Into the Night by Sarah Bailey

into the night.jpgTitle: Into the Night

Author: Sarah Bailey

Genre: Crime/Thriller

Publisher: Allen and Unwin

Published: 23rd May 2018

Format: Paperback

Pages: 416

Price: $32.99

Synopsis:The riveting follow-up to The Dark Lake, acclaimed debut novel and international bestseller.

The Dark Lake is a stunning debut that gripped me from page one and never eased up. Dark, dark, dark–but infused with insight, pathos, a great sense of place, and razor-sharp writing. It’s going to be big and Sarah Bailey needs to clear a shelf for awards.’ C.J. Box, #1 New York Times bestselling author

Sarah Bailey’s acclaimed debut novel The Dark Lake was a bestseller around the world and Bailey’s taut and suspenseful storytelling earned her fitting comparisons with Gillian Flynn and Paula Hawkins.

Into the Night is her stunning new crime novel featuring the troubled and brilliant Detective Sergeant Gemma Woodstock. This time Gemma finds herself lost and alone in the city, broken-hearted by the decisions she’s had to make. Her new workplace is a minefield and the partner she has been assigned is uncommunicative and often hostile. When a homeless man is murdered and Gemma is put on the case, she can’t help feeling a connection with the victim and the lonely and isolated life he led despite being in the middle of a bustling city.

Then a movie star is killed in bizarre circumstances on the set of a major film shoot, and Gemma and her partner Detective Sergeant Nick Fleet have to put aside their differences to unravel the mysteries surrounding the actor’s life and death. Who could commit such a brazen crime and who stands to profit from it? Far too many people, she soon discovers – and none of them can be trusted. But it’s when Gemma realises that she also can’t trust the people closest to her that her world starts closing in…

Riveting suspense, incisive writing and a fascinating cast of characters make this an utterly addictive crime thriller and a stunning follow-up to The Dark Lake.

~*~

Detective Sergeant Gemma Woodstock has been set the task of investigating the death of a homeless man, Walter Miller. since moving from Smithson after the events of The Dark Lake, Gemma is grappling with a fractured personal life, and throws herself into her work, separated from her family and former life. Having recently moved away from the country town of Smithson, she is now living in Melbourne, and working with new partner, Nick Fleet, who is still a bit of a mystery to her even after working with him for a time in between novels, or so I gathered, having not read the first one The Dark Lake. Within twenty-four hours of Gemma starting to investigate the death of the homeless man, a big movie star, Sterling Wade is murdered, and the attentions once given to Walter Miller is shifted to Sterling Wade – a circumstance that doesn’t sit well with Gemma, who feels that Sterling is only being given all their attention because he is famous. But is there more than meets the eye to this case? As Gemma and her colleagues investigate Sterling’s death, their list of suspects ebbs and flows, and ideas for motives that seem to fall into place at first dwindle and float away and it feels like the killer, and resolutions to her own personal life seem to float further and further away with each passing day.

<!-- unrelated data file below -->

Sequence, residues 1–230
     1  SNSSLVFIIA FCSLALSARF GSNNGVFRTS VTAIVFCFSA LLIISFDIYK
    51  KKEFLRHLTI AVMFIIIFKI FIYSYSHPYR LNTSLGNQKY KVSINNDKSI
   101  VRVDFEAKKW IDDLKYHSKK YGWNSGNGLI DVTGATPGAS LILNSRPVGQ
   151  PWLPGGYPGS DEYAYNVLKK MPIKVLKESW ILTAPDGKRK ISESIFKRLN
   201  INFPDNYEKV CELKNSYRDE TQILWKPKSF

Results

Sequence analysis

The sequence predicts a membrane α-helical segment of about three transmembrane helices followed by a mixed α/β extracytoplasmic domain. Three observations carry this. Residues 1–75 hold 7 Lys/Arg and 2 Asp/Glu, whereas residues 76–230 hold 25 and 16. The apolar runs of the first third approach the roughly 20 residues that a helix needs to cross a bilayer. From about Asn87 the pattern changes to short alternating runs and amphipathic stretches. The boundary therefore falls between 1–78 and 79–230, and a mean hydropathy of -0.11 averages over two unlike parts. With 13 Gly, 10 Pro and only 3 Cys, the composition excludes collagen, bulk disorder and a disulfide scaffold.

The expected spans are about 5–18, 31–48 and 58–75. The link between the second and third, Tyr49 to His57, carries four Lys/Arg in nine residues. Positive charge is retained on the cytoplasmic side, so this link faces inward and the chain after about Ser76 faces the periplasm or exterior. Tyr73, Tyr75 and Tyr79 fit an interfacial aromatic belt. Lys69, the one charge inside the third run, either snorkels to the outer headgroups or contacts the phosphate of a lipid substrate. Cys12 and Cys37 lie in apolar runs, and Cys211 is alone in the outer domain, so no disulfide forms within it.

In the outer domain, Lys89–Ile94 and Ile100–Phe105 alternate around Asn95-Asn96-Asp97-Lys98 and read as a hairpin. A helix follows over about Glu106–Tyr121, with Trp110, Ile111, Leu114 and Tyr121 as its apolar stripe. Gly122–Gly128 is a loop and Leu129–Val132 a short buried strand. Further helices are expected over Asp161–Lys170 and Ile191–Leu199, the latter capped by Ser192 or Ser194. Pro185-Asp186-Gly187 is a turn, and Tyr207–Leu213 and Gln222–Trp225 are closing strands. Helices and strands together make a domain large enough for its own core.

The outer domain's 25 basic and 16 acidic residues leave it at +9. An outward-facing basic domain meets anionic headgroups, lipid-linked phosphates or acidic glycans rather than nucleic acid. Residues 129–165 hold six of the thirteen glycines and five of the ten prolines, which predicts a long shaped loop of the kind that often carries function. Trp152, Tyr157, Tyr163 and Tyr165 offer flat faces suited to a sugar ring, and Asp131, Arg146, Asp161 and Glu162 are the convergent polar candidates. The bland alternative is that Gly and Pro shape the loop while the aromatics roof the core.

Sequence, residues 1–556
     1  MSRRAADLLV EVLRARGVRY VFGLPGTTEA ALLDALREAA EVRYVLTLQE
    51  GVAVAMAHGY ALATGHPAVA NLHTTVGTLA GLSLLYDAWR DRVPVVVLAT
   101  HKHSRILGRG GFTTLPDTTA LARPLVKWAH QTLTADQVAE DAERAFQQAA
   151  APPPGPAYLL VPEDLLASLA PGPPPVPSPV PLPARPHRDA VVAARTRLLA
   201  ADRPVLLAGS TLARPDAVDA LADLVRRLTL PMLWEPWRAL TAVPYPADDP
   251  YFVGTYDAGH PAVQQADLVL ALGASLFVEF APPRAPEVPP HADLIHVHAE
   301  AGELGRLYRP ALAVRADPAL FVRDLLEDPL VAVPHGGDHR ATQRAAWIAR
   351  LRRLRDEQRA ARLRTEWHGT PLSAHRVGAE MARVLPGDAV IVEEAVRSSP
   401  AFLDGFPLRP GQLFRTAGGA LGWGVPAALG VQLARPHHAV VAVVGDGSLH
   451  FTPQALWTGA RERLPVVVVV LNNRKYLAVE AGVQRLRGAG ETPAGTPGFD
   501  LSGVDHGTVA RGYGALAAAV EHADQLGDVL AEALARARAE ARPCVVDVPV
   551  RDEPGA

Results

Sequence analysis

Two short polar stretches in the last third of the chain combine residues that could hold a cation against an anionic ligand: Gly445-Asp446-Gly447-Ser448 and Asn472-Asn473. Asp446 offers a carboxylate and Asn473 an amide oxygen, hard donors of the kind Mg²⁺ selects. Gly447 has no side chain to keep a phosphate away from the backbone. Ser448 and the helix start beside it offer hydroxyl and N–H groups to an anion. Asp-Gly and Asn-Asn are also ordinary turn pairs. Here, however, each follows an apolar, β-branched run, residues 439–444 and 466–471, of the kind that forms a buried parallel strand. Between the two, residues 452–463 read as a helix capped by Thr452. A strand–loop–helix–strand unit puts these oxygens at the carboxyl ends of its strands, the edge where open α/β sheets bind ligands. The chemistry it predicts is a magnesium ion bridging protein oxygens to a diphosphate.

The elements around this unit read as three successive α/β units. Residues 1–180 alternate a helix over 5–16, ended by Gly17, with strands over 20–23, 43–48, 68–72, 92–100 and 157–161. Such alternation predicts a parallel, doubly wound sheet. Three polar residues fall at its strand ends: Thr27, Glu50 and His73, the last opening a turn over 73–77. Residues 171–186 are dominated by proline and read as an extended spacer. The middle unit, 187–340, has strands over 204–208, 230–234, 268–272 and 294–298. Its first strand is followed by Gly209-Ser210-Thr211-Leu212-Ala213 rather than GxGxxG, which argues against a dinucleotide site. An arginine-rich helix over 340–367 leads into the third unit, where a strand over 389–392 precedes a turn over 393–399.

AWW-2018-badge-roseAs this was my first introduction to Gemma Woodstock, I found myself going through liking her at times, to finding some of the things she did frustrating, to at times not liking her, but also, felt sympathy for her, and the way some of the characters treated her and demanded things of her that she couldn’t always deliver or promise, and where both parties could have handled things properly. Showing Gemma in these various lights made her human – and relatable because we all have flaws and make mistakes. Giving her the ability to not always be perfect, to fail and to make mistakes is what made the book enjoyable and seeing Gemma through her own eyes was interesting – where she recognised her flaws and performed self-reflection, shed some light on the kind of person she was, but also, that she wanted to be.

The mystery surrounding Sterling Wade and Walter Miller was intriguing – especially when the obvious reasons that the detectives came up with for motive fell through, and they went back to square one and had to meander through their evidence again, checking everything as thoroughly as possible as they investigated both crimes, along with links to a case that popped in and out of the novel, unrelated to the main plot but still one that had an impact on Gemma and her personal life. The meandering nature of the novel became more exciting and fast paced towards the end, which made it enjoyable as well.

Overall, I did quite enjoy this novel, and maybe when time allows I shall go back and read the first one.

Booktopia

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